The model curve also highlights a problem: a number of spikes in the actual curve are not captured. These spikes are meaningless at the aggregate level – the jump at around 1:30pm, for example, shows the average market reactions to non-farm payroll (NFP) numbers, core retail sales or other US data announcements that all occur at the same time of day. However, these jumps are meaningful for each specific day when the algo-user is about to decide on expected vol in the upcoming few hours – especially if a specific event is set to occur. In this case, a forthcoming macro announcement could increase volatility significantly.  

Macroeconomic announcements and other pre-scheduled events, such as central banks’ announcements or speeches by major political leaders, all affect market vol. Market reaction to these events changes over time, and events that are important in one macro cycle can be completely ignored in another.

Figure 4 shows the volatility around some major US macro announcements. It is clear that the NFP numbers are the undisputed king when it comes to post-announcement volatility. While this is well known in the market, its quantification is important. The chart suggests NFP volatility is double that of core retail sales and triple that of initial jobless claims.

It is also important to note that vol subsides to base level pretty quickly, but not instantaneously. It normally takes about an hour for market vol to subside, while the initial spike lasts less than 10 minutes. 

 

 

The final component is base daily vol. Figure 5 shows its dynamics and how important it is to differentiate between currency pairs.

For example, recent Covid-19 events did not quite register as a risk barometer in EUR/USD and AUD/USD price action, when compared with 2008. On the flip side, USD/JPY base vol levels are comparable to 2008, while USD/NOK realised vol, which reflects oil dynamics, is much more significant than it was during the financial crisis.

If we were to apply historical currency reactions from 2008 to project volatility in the current environment, we would overprice AUD/USD risk and under-price USD/NOK risk. The simplest explanation for this is that the former is no longer the carry currency it was in 2008 and the latter has been massively affected by recent oil price action.

 

 

The three components just analysed can be put together to project future volatility for the purposes of algo trading.

Let’s assume we would like to execute an algo transaction at 7:30am New York time on a payroll day, before the 8:30am announcement. First, we project the base daily vol for the day. Second, we apply the intraday pattern to it. And third, we apply any event volatility add-ons, such as the estimation that the market will be considerably more volatile right after the announcement and for some time after. The sum of those three components gives us the total expected volatility for each execution horizon.

But what would happen if we continued to run the algo past the announcement time? Figure 6 offers an answer to this question.

If we run an algo between 7:30am and 8:30am, we would expect the total spot vol for this period to be around 12bp. However, if we were to run the algo for one more minute after the 8.30am announcement, the expected volatility would jump to 35bp.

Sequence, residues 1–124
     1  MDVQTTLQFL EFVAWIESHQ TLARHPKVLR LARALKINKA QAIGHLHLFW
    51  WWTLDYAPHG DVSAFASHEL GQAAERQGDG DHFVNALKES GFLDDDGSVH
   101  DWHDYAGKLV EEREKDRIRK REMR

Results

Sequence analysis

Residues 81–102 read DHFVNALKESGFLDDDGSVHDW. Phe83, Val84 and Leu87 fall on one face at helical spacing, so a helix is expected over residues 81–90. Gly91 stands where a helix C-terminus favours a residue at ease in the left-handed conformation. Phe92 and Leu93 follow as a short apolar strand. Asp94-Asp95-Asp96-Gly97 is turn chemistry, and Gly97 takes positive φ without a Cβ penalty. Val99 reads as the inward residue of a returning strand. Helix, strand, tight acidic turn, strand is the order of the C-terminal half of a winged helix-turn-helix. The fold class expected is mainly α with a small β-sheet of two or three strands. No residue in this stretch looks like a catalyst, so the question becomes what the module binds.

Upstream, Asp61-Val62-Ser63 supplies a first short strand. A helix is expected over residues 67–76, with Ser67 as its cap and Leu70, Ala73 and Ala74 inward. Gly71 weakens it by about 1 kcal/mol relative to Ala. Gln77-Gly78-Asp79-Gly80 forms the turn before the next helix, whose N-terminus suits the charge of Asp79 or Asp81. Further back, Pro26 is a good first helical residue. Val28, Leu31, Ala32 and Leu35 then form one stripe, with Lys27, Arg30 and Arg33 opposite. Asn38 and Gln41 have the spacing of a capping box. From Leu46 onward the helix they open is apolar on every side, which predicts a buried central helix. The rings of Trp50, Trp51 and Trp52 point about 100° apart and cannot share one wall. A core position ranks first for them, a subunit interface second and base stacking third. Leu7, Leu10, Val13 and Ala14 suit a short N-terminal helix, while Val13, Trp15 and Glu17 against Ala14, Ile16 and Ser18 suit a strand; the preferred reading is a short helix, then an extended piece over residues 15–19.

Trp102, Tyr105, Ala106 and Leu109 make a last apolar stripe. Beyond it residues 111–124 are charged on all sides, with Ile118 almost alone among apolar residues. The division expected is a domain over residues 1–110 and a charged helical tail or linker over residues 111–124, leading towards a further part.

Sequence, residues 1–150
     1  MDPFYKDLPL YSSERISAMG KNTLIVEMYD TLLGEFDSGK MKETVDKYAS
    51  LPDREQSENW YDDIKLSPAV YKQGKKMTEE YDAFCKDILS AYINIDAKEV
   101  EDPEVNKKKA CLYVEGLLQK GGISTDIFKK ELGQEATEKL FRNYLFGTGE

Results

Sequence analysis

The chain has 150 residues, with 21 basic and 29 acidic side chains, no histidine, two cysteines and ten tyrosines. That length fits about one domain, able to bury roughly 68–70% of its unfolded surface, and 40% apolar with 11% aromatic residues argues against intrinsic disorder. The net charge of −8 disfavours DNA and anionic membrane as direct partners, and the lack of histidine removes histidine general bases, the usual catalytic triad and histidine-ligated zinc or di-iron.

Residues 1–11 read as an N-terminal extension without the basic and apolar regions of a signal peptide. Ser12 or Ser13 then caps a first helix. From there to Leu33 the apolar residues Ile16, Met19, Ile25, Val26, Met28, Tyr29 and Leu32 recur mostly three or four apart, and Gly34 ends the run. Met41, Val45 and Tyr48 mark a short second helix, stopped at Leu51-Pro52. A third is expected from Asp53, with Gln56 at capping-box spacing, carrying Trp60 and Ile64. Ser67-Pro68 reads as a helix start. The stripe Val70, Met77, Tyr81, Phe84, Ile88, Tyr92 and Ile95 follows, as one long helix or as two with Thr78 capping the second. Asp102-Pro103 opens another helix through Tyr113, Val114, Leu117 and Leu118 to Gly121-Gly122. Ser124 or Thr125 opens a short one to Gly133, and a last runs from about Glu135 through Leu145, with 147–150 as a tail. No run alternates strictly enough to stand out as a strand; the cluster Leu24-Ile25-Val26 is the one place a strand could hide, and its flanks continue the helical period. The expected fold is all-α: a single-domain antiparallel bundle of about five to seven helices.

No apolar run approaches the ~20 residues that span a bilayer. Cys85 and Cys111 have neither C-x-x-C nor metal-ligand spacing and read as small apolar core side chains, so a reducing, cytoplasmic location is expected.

In other words, adding one minute to the execution horizon triples the total expected price volatility. And although there is nothing too surprising about NFP numbers being important to the overall volatility of the algo outcome, the ability to quantify it ahead of the decision-making process is crucial.

As to why an algo user would want to run over an NFP announcement, it could simply be because the order was too big to be done in a reduced liquidity environment ahead of the event, or there simply was no time left before it.  

 

When things go wrong, don’t panic

When an algo is run over a macroeconomic event, things can either go in the user’s favour or against it. In both cases, the user would be compelled to intervene. It is useful to understand a typical market reaction to an event and to develop a strategy for capturing the value in both scenarios. Figure 7 summarises the long-term reaction of EUR/USD to events over time.

 

 

On average, the reaction to NFP numbers is very fast and the market doesn’t look back – at least for two hours. In the event of a higher-than-expected NFP number, EUR/USD drops and remains lower after that.

The reverse is true for lower-than-expected NFP numbers. The average size of the move is 10bp, which is quite significant. Core retail sales exhibit the same qualitative picture, although the size of the move is about half that of NFP numbers.

The market reaction is less straightforward for lesser economic announcements. For example, with initial jobless claims, not only the reaction is more subdued but, more importantly, the market comes back to its initial state after roughly 30 minutes.

How does this project onto algo urgency and other algo control parameters? Take EUR/USD and NFP figures, for example. If the numbers come in less than expected, we are in the presence of an adverse event for the exchange rate. The damage is done in the first minute, and unless there is a compelling reason to speed up the execution and pay the spread aggressively, the alternative scenario of doing nothing and keep running the algo as before would make sense. The same is even truer for initial jobless claims.

Structural changes in the market should also be taken into account, which is what figure 8 attempts to show. The four graphs track the average reaction of EUR/USD to distinct events on a rolling basis. It is clear that, together with the decrease in volatility over time, FX markets – at least in EUR/USD – have stopped responding strongly to specific economic events.  

 

 

Why the EUR/USD market specifically responds less to macro events is an open question. The answers may range from a less pronounced business cycle to other data points, like alternative data, being relied on more to track economic performance. The reaction can also be asset-specific, but users of EUR/USD algos should always take the most recent stats into account.